Back to tennis, the maintenance crew was working hard to dry up the courts so they could get the matches back underway.
Gripping, I know.
Now normally, they'd be using squeegees and towels to prep the courts, but on this particular day, they were all using a very unique yellow fabric. I was intrigued...so I watched on.
Yes, I was THAT bored.
As the camera zoomed in, it was revealed that the object of choice used to dry the courts were...ShamWows!
Hilarious! Who knew people actually bought these things? Let alone a national tennis championship was using dozens of them to dry the courts??
Maybe it's time for Vince to add "...this is for the house, the car, THE TENNIS COURT..." to his sales pitch?
Apparently, Stephen Strasburg, is Nolan Ryan, Cy Young, Walter Johnson and Roger Clemens (minus the 'roids) all rolled into one.
At least, that is what the hype machine is telling us.
In case you are unaware, pitcher Stephen Strasburg was the number one pick of the Washington Nationals in the last MLB amateur draft.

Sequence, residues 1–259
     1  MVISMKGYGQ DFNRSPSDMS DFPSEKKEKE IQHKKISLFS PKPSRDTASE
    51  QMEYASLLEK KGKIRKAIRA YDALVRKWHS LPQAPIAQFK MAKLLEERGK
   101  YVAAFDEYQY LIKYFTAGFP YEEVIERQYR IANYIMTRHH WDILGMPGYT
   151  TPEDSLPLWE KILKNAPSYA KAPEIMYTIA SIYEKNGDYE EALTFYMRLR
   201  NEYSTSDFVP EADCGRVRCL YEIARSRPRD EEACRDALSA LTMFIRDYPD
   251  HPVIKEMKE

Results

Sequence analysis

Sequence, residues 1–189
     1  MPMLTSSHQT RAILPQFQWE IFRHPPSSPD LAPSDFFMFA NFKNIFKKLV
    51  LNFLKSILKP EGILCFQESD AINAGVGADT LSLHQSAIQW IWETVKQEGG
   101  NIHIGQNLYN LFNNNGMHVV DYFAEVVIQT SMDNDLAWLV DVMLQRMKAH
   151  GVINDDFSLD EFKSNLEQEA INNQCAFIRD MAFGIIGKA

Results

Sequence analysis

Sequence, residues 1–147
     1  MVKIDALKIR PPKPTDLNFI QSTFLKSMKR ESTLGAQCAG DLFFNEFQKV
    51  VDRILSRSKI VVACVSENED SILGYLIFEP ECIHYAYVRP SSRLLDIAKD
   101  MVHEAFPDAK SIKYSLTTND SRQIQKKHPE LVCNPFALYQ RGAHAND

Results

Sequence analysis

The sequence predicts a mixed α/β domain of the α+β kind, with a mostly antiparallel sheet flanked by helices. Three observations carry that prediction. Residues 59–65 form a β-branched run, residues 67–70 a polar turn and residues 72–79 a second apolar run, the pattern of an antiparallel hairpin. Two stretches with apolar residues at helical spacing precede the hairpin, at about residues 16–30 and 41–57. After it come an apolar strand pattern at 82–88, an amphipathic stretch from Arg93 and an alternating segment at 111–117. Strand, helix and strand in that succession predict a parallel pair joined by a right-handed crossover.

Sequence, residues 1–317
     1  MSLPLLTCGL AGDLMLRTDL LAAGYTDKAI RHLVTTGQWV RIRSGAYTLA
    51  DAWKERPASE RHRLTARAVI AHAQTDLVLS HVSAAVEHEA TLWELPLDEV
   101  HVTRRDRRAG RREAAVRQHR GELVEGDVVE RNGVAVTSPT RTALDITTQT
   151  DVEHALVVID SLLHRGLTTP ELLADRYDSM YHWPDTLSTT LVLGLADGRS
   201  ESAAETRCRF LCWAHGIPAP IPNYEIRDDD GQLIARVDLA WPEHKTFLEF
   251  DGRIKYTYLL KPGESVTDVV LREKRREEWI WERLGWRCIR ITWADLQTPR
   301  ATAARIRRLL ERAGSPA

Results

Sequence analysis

He has been called a phenom. An ace in waiting. A can't miss super-star. And he's a young man who yesterday signed the richest contract ever for an amateur player, more than $15 million for four years.
In the end, Strasburg may end up being absolutely lights out and a phenomenal pitcher (the Nats and their fans, me included, and banking on it). But really, who knows?
All it takes is one awkward twist of the arm while delivering a 100 mph fastball and it could be "So Long Strasburg!" Careers for pitchers can be like fine china, delicate.